Let’s just agree that between my “click-bait” post and your responses we offer enough information for educated consumers to make their decision. You are also significantly overestimating the number of people who have read my post.
I agree with you on master keys and security and all that. I use a variety of services for my needs; I don’t use iCloud for much of anything because it doesn’t meet my needs. My Google Drive usage is primarily driven by what my employer uses. For my personal needs, I use Evernote for my writing and records, Fitbit for fitness, Adobe Creative Cloud for Photography (which is more useful on the iPad than on the iPhone), Amazon for my shopping, Playstation Network for my video gaming, and Dropbox.
I haven’t compromised anything by switching from iPhone to Android. My Android is encrypted and secure. I trust the cloud services I use, and they are as secure (or insecure) on Android as they are on the iPhone — no more and no less. Apple’s promises of security only make sense to someone who uses nothing but Apple products and services, which given Apple’s lack of innovation lately is a rare situation.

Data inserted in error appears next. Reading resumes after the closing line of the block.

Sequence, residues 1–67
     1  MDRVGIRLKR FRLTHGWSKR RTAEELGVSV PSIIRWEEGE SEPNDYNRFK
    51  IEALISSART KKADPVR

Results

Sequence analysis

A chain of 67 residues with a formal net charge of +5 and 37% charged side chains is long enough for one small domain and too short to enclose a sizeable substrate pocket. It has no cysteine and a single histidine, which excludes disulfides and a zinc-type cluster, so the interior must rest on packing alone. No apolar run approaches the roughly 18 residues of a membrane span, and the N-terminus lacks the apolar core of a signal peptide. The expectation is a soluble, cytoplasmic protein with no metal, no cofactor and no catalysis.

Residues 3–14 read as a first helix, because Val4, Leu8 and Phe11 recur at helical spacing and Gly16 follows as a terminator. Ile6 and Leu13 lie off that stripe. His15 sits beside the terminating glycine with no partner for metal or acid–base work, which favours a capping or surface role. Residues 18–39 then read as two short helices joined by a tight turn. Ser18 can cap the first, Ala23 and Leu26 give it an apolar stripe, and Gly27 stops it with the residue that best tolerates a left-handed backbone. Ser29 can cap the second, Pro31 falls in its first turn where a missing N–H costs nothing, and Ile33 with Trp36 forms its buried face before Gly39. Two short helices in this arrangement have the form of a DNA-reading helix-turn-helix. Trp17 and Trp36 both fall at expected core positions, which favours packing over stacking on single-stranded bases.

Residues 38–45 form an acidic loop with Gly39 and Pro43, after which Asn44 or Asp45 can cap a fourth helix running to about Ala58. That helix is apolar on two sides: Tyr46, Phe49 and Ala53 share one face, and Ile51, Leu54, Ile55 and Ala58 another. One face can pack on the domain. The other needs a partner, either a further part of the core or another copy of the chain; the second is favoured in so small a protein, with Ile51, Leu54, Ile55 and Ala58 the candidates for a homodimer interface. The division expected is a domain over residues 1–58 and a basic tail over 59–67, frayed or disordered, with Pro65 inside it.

I don’t think it is that uncommon for, say, an iPhone user to rely on other cloud services in addition to or instead of the iCloud. There is no one single cloud service that anybody uses, if only because no single cloud service covers all use cases. It is irrelevant what Apple is trying to do. Unless they come up with a set of services that meets everyone’s every need and every use case, it is the consumers that should be very careful who they trust their data. The only way what Apple is doing with encryption makes any difference if you commit yourself to using nothing but Apple’s services.
In the end, what’s important to me here is that I had a writer’s block all summer, and you helped me come out of it. I now have a ton of material for my next blog post to think about.